Prominent in these pages is Claude Cahun, “Jewish genderfreak artfag Anti-Nazi resistance fighter” (Bazant, Timtum, 15). About midway through the zine, Bazant narrates key details of Cahun’s biography, along with some of the more famous self-portraits, with quotations cut out and pasted onto the image. Bazant Xeroxes sections of various biographical materials and annotates the pronouns, whiting out the “her” to read “his” or, in one place, replacing “lesbianism” with the words “or one’s trans gender” (15; fig. 7). One full page, featuring Cahun with a shaved head standing in front of a hung square, appears above the handwritten annotation, “Claude as a young boy at the age of 27” (38; fig. 8). This citation is incorrect, and knows itself to be so—no boy is 27, but also Cahun never used male pronouns or declared themselves male.
This misreading, a projective disidentification, writes Cahun in line with Bazant’s own history of misgendering, through strangers who mistake the fully medically transitioned adult Bazant for an adolescent boy. Bazant describes the category of boyhood as a mixed bag, at once condescending and wrong, but sometimes experimentally right, at least close to something that feels true. But Bazant does not offer a gender configuration that fits. Instead, Bazant writes, “In an ideal world, I would want to be recognized as my own queer gender—which is definitely not a woman and not a man. I’m realizing that part of why I like being called ‘he’ is to have that dissonance acknowledged. I know that it confuses people and feels wrong. That’s the point—” (48).
In this way, Timtum situates gender in a social drama of recognition, of being seen and addressed as a public act. The pamphlet includes an etiquette section on interacting with trans-identified people that ends with a reproduction of what might be the most iconic image of Cahun: a photograph from the late 1920s in which they are dressed as a weightlifter, wearing a T-shirt which bears the words, “I am in training don’t kiss me” (33; fig. 9). On that page, the reproduction is pretty lo-fi; it looks like Bazant penciled over the message on Cahun’s T-shirt so that we can better read the letters.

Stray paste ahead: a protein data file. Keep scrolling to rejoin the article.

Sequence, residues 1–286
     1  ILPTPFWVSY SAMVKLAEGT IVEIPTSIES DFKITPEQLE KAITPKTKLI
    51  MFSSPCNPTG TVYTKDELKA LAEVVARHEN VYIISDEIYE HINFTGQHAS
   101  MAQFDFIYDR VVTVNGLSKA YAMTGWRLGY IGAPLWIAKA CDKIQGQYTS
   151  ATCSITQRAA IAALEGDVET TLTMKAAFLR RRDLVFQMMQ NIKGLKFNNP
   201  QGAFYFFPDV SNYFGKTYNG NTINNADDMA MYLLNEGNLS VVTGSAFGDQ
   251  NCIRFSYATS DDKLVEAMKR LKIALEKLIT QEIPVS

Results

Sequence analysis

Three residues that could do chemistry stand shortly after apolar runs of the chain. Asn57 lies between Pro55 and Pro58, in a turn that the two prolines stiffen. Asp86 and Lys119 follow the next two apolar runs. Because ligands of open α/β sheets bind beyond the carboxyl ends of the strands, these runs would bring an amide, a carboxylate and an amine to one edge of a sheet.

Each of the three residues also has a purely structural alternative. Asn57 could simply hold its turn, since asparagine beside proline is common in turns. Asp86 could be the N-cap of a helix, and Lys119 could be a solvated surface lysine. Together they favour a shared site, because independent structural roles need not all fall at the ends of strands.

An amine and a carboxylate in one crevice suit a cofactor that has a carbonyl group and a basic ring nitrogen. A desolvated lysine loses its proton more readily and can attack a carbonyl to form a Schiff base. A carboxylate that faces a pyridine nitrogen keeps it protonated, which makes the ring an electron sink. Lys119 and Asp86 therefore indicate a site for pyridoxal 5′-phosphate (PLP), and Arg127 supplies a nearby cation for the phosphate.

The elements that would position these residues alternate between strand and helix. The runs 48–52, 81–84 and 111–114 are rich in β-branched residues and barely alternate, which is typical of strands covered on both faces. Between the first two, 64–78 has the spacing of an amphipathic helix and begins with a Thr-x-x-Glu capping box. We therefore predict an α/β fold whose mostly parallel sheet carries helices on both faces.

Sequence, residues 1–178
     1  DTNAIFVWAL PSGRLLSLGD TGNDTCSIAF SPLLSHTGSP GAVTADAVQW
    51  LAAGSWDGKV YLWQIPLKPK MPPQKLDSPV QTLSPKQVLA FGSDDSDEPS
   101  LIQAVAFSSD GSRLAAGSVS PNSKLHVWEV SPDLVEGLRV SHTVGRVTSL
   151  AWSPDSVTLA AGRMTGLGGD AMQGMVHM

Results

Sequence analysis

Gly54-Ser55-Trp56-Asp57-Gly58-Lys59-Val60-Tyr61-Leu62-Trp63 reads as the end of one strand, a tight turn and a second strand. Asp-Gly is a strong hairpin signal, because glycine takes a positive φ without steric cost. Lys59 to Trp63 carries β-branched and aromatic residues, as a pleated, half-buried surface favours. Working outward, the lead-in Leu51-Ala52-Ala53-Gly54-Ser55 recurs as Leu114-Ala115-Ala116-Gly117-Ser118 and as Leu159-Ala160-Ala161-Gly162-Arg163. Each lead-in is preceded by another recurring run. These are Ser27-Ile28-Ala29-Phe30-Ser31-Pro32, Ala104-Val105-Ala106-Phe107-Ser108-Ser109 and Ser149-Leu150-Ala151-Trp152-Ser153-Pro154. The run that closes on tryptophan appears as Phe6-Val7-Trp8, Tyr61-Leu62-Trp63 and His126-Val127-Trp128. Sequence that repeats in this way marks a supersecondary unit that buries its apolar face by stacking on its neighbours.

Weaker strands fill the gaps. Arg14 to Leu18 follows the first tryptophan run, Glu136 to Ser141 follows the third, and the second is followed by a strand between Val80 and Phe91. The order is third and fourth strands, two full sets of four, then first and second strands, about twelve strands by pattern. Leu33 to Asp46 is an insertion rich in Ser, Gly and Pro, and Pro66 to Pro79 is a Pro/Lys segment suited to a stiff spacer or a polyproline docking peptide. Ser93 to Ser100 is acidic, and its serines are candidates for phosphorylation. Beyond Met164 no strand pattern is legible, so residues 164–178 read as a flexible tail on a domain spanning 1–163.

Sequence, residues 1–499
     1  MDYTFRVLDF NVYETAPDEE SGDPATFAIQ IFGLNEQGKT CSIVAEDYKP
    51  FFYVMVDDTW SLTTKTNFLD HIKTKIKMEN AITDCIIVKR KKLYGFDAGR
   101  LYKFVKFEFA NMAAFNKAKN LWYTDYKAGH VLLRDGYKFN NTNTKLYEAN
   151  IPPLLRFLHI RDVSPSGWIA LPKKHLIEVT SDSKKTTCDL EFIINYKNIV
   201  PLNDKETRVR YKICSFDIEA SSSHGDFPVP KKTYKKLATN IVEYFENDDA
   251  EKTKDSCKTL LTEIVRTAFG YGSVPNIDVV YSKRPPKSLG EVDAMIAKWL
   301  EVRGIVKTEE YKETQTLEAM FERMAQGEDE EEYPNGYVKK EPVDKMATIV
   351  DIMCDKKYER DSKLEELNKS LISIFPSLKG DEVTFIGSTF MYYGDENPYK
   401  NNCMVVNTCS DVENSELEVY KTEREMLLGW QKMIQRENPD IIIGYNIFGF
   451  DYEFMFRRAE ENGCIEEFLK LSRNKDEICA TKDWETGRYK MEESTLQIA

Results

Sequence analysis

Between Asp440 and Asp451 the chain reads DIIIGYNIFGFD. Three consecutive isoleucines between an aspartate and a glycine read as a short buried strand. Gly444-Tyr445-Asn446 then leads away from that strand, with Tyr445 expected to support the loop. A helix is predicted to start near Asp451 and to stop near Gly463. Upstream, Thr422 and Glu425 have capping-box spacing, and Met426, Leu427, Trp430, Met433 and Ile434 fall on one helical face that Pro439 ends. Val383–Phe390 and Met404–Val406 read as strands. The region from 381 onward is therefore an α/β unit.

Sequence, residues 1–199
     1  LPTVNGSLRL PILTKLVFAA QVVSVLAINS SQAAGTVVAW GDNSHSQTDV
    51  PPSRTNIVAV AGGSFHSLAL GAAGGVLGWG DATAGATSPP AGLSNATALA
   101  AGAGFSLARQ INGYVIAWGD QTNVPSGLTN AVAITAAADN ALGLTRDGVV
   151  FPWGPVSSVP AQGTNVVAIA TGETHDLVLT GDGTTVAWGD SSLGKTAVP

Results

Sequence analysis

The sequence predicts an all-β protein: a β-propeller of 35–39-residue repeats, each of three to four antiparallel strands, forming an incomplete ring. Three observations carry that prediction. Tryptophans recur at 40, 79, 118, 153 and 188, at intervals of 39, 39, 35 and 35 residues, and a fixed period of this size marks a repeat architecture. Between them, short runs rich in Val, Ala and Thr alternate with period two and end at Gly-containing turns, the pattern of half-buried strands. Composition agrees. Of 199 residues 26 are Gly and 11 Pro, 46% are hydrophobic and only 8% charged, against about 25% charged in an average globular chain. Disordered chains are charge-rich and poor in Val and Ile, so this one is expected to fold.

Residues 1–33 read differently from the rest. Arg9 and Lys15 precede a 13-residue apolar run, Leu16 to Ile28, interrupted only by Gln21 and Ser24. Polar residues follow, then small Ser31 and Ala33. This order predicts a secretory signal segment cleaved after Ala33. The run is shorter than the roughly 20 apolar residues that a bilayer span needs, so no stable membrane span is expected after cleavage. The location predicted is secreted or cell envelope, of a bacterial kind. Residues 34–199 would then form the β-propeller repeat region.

I like this writing over for its lack of preciousness: Cahun appears almost as a proof of life, of the existence of genderqueer subjects, rather than an art object to be cherished. Timtum, too, is a printed object meant to be reproduced and distributed, so that this sharing itself serves as a form of collective survival and care.
It is perhaps then not such a coincidence that this same image of Cahun reappears, some twenty years later, in a book dedicated to the practices and ethics of care work in trans communities, Hil Malatino’s Trans Care (2020). Near the end of the book, Malatino turns to the weightlifter portrait as a site of tactical attachment in their own transition narrative. Rather than take up the language of anachronism or recuperation, Malatino recalls a search for origins: “I was desperate for some sense that other subjects had encountered and survived some of the transphobic, cissexist bullshit with which I was being repeatedly confronted. I needed resources for resilience.” Positioning Cahun’s image as a resource, rather than an object of historical truth, Malatino then offers what might be my favorite reading of the portrait:
Their pose is serving deep trans twink. The flattened chest, the coquettish cock of the head, the handlebar mustache displaced and inverted into smoothly pomaded spit curls, the training motif—it is all very “daddy, teach me.” This is, of course, absurdly heightened by the textual declaration on the leotard, warning off all potential suitors, highlighting the fragility of nascent sexuality, and calling attention to the way that countenancing another’s desire runs the risk of despoiling whatever form of gendered sexuality is emerging here. The famed ambiguity of the photo renders Cahun a kind of universally fungible object of desire—maybe a boy, maybe a girl, maybe a man, maybe a woman, but precisely none of these things. Whatever it is that you’re into, maybe they can become it—maybe they’re in training to be the whatever of your dreams. (52)
This is not the language of identification, of seeing oneself in or as Cahun. It is a scenario of desire, even a scene of seduction, here cast in a contemporary vernacular of queer kink. Malatino gives the photograph a sense of duration, so that it is not so much the capture of something, or someone, that was, end stop. The photograph reveals an ongoing courtship between subject and object, a mutual scene of countenancing and reappraisal.